"It boils down to two things: reduced maintenance and improved tire life. You spend less time checking your tires (and you) top off your tires less frequently.

"The improved tire life component is linked with improved fuel economy by maintaining pressure in the tire more accurately and not running under-inflated. Tires will last longer and fuel consumption will be at ideal levels.

"Also, putting nitrogen in tires will help preserve casing life because rubber is less prone to oxidization. As conventional air flows through rubber, it ages and deteriorates the rubber, and nitrogen won't do that."

Motta believes that nitrogen inflation is better suited for small trucking fleets. "Some of the smaller fleets are quicker to adapt because they have one maintenance location."

OTR tires also benefit from nitrogen inflation, says Bill Gibson, marketing manager for ARI-HETRA, a nitrogen equipment manufacturer in Manassas, Va.

"If you're in a mine where flammability (is a risk), you might want to fill a big tire with nitrogen."

Parker Hannifin Corp. is taking commercial tire nitrogen inflation one step further with its new Mobile TireSaver system that's designed for outdoor use on service trucks.

"The (machine's) membrane has stable performance versus temperature changes," says Parker Hannifin Account Manager David Konnaughton. "You can use it in sub-zero temperatures."

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The unit is ideal for inflation at truck yards, he says. "For a commercial dealer to offer nitrogen in his shop is one-half of the equation. A good amount of his business is in the fleet yard."

Winnipeg, Manitoba-based West End Tire is testing nitrogen with a local trucking company. The dealership has filled tires with nitrogen in about 75 tractors and 100 to 125 trailers and is monitoring fuel consumption, mileage and irregular wear due to inconsistent inflation pressure levels, says West End Tire Sales Manager Charlie Pantel.

He says the test will yield data that his employees can share with customers at the retail counter. The theory is that whatever a trucking fleet saves with nitrogen, retail buyers "will save a proportionate amount," according to Pantel.

Got nitrogen?: If not, here's where to get it

The following companies manufacture or market their own nitrogen tire inflation equipment:

Air Products and Chemicals Inc., Allentown, Pa., (610) 481-4911, www.airproducts.com. Product: UltraFill nitrogen tire inflation systems

ARI-HETRA/Automotive Resources Inc., Manassas, Va., (800) 562-3250, www.ari-hetra.com. Product: N2 Complete Filling Station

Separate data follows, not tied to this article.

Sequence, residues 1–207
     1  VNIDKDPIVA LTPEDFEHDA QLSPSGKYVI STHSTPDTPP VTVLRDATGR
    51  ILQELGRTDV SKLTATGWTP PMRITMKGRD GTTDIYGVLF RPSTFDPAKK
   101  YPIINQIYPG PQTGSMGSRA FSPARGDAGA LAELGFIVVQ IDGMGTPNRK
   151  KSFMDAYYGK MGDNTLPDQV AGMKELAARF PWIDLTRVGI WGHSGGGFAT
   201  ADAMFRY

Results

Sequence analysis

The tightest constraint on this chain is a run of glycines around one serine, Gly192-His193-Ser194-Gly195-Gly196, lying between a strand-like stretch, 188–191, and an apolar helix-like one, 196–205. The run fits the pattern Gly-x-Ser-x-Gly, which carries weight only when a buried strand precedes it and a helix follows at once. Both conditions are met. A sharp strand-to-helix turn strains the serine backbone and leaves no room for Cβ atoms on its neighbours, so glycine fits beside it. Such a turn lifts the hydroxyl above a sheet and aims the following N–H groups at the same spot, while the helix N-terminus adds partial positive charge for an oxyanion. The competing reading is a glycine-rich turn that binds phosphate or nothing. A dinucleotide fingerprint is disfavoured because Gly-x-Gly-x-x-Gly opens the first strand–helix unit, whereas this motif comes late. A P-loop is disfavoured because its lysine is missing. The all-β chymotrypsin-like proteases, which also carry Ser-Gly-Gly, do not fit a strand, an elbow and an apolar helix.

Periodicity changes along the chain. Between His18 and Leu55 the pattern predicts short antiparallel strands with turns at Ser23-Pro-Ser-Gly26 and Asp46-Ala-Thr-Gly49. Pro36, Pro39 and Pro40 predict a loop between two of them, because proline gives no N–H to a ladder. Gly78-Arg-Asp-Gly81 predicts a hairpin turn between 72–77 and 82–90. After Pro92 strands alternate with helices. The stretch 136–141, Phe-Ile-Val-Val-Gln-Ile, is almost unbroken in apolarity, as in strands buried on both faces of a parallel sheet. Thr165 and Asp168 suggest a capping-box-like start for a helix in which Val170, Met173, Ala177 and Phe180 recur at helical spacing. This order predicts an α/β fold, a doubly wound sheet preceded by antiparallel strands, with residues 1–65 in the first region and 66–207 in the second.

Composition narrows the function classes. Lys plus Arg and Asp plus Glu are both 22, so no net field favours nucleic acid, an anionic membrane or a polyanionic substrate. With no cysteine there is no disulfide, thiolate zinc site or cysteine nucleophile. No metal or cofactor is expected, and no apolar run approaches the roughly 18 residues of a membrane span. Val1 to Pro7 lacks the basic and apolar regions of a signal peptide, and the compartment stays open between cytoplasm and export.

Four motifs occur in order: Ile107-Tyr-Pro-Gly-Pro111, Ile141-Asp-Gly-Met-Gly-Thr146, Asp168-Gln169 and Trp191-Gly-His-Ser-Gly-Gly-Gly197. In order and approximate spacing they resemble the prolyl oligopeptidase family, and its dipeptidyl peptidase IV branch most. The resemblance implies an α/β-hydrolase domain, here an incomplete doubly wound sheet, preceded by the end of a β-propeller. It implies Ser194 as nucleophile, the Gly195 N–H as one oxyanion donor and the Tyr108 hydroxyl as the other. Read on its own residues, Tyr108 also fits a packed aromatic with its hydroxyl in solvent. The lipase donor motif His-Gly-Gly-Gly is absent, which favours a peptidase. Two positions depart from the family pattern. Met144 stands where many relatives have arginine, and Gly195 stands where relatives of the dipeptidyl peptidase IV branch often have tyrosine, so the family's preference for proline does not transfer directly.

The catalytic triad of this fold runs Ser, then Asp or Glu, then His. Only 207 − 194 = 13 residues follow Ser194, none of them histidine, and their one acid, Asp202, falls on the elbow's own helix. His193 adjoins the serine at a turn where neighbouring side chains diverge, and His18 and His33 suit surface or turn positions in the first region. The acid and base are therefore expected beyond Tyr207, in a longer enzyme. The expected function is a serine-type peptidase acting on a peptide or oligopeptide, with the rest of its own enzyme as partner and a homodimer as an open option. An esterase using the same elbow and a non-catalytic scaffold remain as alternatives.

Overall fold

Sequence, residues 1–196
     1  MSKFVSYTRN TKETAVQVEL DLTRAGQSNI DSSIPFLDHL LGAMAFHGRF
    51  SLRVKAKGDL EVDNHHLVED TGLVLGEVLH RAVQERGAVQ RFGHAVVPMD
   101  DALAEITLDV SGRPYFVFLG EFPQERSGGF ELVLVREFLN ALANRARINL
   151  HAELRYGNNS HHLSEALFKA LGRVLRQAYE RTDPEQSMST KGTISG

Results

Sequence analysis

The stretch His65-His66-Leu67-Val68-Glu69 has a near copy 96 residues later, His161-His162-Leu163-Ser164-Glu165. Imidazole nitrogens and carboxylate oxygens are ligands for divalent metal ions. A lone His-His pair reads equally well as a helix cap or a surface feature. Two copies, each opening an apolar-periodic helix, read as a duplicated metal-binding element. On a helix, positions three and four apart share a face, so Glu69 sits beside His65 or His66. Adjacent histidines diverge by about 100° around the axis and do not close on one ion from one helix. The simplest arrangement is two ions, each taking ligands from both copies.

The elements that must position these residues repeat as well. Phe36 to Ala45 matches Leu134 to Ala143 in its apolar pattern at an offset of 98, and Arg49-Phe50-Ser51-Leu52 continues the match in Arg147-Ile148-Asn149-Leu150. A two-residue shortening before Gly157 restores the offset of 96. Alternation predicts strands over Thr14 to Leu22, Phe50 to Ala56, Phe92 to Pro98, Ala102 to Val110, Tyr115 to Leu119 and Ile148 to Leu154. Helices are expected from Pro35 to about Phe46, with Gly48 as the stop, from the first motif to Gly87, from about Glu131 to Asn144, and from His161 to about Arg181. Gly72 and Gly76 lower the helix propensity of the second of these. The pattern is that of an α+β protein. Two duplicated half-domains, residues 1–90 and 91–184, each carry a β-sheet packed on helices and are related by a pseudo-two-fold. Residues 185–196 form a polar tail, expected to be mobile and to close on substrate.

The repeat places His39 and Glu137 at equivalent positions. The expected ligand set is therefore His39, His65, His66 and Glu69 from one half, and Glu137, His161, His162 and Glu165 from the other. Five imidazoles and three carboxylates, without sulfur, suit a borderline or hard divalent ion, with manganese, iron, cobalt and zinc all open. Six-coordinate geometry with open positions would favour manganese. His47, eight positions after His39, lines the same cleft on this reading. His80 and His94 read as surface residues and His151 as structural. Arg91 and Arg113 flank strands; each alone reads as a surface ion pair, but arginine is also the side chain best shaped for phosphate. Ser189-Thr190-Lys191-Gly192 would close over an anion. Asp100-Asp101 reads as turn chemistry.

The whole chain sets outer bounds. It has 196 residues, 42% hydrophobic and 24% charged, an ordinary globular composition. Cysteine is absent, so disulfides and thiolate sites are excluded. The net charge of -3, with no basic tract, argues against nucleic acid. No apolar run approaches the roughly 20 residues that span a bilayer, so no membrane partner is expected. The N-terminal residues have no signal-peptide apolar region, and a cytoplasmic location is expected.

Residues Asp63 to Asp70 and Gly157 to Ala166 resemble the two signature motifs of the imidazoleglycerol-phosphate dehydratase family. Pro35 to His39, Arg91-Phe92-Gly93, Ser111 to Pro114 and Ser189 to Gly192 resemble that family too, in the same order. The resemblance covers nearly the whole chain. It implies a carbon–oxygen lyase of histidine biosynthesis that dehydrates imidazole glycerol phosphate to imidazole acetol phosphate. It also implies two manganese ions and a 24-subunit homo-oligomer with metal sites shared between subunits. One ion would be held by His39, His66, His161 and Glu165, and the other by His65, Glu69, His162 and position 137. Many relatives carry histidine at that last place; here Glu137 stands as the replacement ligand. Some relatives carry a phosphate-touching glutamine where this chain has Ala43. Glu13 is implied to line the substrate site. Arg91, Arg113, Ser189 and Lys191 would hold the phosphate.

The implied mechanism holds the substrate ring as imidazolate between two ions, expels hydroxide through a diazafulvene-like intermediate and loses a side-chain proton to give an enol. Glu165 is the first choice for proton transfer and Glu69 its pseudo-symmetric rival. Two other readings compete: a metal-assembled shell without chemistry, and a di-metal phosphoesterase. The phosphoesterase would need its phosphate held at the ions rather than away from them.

Atlas Copco, Westfield, Mass., (877) COPCO-N2, www.atlascopco.us. Product: GN Dual Output inflation system

Branick Industries Inc., Fargo, N.D., (701) 281-8888, www.branick.com. Product: Branick Nitrogen Tire Inflation System

Champion/Gardner Denver Inc., Princeton, Ill., (815) 875-3321

www.gardnerdenver.com. Product: Nitrogen Advantage tire inflation system

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Golden Chest International Ltd./Coseng Automotive Equipment Ltd., Hong Kong, (852) 2851-9211, www.coseng.com.cn. Product: G-LN nitrogen generators

Ingersoll-Rand Co. Ltd., Annandale, N.J., (800) 376-TOOL, www.irtools.com. Product: Ingersoll Rand Nitrogen Generator

Mohawk Rubber Sales of N.E. Inc., Hingham, Mass., (800) 242-1446, www.mohawkrubber.com. Product: Mohawk Rubber L401

NitroFill/Kreska Technologies Inc., Pompano Beach, Fla., (954) 788-8748, www.nitrofillnow.com. Product: NitroFill

Nitronics Systems Inc., Lafayette, Colo., (303) 604-1187, www.nitronics.com. Product: TireLast Nitrogen Station

N2Revolution Inc., Sunrise, Fla., (954) 741-4278, www.purigen98.com. Product: PurigeN98

On Site Gas Systems Inc., Newington, Conn., (860) 667-8888, www.onsitegas.com. Product: TF Pro Series

Parker Hannifin Corp., Haverhill, Mass., (800) 343-4048, www.parkertiresaver.com. Product: Parker TireSaver Nitrogen Generator

Quincy Compressor/Enpro Industries Inc., Quincy, Ill., (217) 222-7700, www.quincycompressor.com. Product: N2Gen Defender Series

RTI Technologies, York, Pa., (800) 468-2321, www.rtitech.com. Product: RTI NitroPro

Tire Service Equipment Manufacturing Co. Inc., Phoenix, Ariz., (800) 223-4540, www.tsissg.com. Product: TSI Nitrogen Generators

Vehicle Inspection Systems Inc., Orlando, Fla., (800) 219-6256, www.visnitro.com. Product: VIS Nitro